Skeletal Quotes

Authors: A B C D E F G H I J K L M N O P Q R S T U V W X Y Z
Categories: A B C D E F G H I J K L M N O P Q R S T U V W X Y Z
skeletal-majesty-of-decomposed-beauty
she-was-every-inch-skeletal-goddess-that-had-been-promised-by-bones-her-feet-jefferson-smith
the-boys-skeletal-frame-was-now-all-that-remained-him-through-his-flesh-could-be-seen-steady-beat-his-indomitable-heart-sage-steadman
you-cant-improvise-without-skeletal-structure-you-cant-just-go-in-start-talking-this-is-misunderstood-craft-because-no-one-else-makes-movies-like-this
i-sensed-more-than-recognized-sound-those-skeletal-knuckles-on-door-i-was-too-young-for-it-to-be-death-it-had-to-be-his-mother-dan-skinner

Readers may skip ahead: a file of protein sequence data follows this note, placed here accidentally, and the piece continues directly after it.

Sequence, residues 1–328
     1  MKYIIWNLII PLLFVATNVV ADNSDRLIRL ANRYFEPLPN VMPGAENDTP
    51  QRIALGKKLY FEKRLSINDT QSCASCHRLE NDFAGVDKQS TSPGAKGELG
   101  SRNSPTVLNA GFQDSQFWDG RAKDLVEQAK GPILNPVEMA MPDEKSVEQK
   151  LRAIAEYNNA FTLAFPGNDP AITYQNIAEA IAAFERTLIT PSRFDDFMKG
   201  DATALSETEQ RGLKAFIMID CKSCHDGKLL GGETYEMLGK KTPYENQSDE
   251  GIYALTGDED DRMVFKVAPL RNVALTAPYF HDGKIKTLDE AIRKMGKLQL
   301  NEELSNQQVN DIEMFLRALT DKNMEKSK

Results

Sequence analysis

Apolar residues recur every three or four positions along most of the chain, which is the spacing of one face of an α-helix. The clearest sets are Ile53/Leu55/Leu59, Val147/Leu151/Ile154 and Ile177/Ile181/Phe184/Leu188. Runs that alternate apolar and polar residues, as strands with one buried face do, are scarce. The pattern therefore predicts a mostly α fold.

my-earliest-poems-appear-almost-skeletal-to-me-now-it-seems-ive-learned-to-add-meat-muscle-nice-suit-clothes-wanda-lea-brayton
mothman-flew-away-from-town-like-giant-bat-then-disappeared-from-sight-behind-thicket-skeletal-autumn-trees-don-roff
death-strode-away-stopped-came-back-he-pointed-skeletal-finger-at-the-duck-man-why-he-said-are-you-walking-around-with-that-duck-what-duck-ah-sorry-terry-pratchett
topsoil-is-place-digestion-it-sucks-chews-things-into-smaller-pieces-when-its-hungry-it-turns-grey-stony-when-its-thirsty-it-opens-thousands-cracked-lips-subsoil-is-more-skeletal
the-myosin-in-our-own-skeletal-muscles-is-more-closely-related-to-myosin-driving-flight-muscles-that-irritating-housefly-buzzing-around-your-head-than-it-is-to-myosin-in-muscles-